Equality Delaware, with license from the American Foundation for Equal Rights and Broadway Impact, has announced a one-night-only reading of "8," a play chronicling the historic trial challenging California's Proposition 8, which stripped gay and lesbian Californians of the fundamental freedom to marry.
The one-night only performance Saturday, April 6, directed by Fay Jacobs, features 21 characters from the actual trial and will include professional actors, attorneys, and well-known local residents. The staged reading will take place at 8 p.m. at Epworth Methodist Church on Holland Glade Road in Rehoboth Beach.
The show is written by Academy Award-winning screenwriter and AFER founding board member Dustin Lance Black. The show is particularly timely now, with the Prop 8 and DOMA cases before the Supreme Court.
Black, who penned the Academy Award-winning feature film "Milk" and the film "J. Edgar," based 8 on the actual words of the trial transcripts, first-hand observations of the courtroom drama and interviews with the plaintiffs and their families.
Actors include CAMP Rehoboth Executive Director Steve Elkins, Equality Delaware attorney Mark Purpura, professional actors Eric Peterson, Stacey Fearheiley, Karen Murdock and Eloise Ullman, plus local notables such as Glen Pruitt, Mark Ladd, Steve Haber, Howard Menaker, and more.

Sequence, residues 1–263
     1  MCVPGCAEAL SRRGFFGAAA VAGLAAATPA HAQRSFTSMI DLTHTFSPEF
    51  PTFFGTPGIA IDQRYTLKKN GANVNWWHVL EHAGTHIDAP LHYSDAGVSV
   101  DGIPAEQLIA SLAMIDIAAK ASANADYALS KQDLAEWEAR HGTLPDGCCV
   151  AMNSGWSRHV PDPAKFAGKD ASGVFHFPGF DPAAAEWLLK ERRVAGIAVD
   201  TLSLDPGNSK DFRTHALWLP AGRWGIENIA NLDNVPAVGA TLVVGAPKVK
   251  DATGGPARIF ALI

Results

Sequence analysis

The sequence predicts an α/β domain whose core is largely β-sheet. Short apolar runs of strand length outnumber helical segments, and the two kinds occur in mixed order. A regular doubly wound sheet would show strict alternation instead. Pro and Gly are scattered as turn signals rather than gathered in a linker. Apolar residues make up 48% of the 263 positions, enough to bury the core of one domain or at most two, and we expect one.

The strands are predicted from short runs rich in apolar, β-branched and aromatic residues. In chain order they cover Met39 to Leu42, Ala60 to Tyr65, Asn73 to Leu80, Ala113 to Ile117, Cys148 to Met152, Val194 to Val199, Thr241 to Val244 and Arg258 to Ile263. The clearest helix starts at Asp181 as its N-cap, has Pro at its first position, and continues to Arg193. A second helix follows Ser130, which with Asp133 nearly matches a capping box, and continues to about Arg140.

"8" had its much-heralded Broadway world premiere in 2011, at the sold-out Eugene O'Neill Theatre in New York City. The production brought in over $1 million to support AFER's efforts. Proceeds from the Rehoboth Beach production will benefit Equality Delaware in its fight for marriage equality in the state.
"People need to witness what happened in the Proposition 8 trial, if for no other reason than to see inequality and discrimination unequivocally rejected in a court of law where truth and facts matter," said Black. "The goal of '8' is to show the world that marriage equality is a basic constitutional right."
"I am thrilled to have been asked to put this production together," said Jacobs. "Not only is it a topic of incredible relevance and importance right now, but the play itself is actually somewhat humorous, very endearing, often infuriating, and ultimately a really satisfying drama."
Tickets are $25 and can be purchased through Equality Delaware or at the door on the night of the production.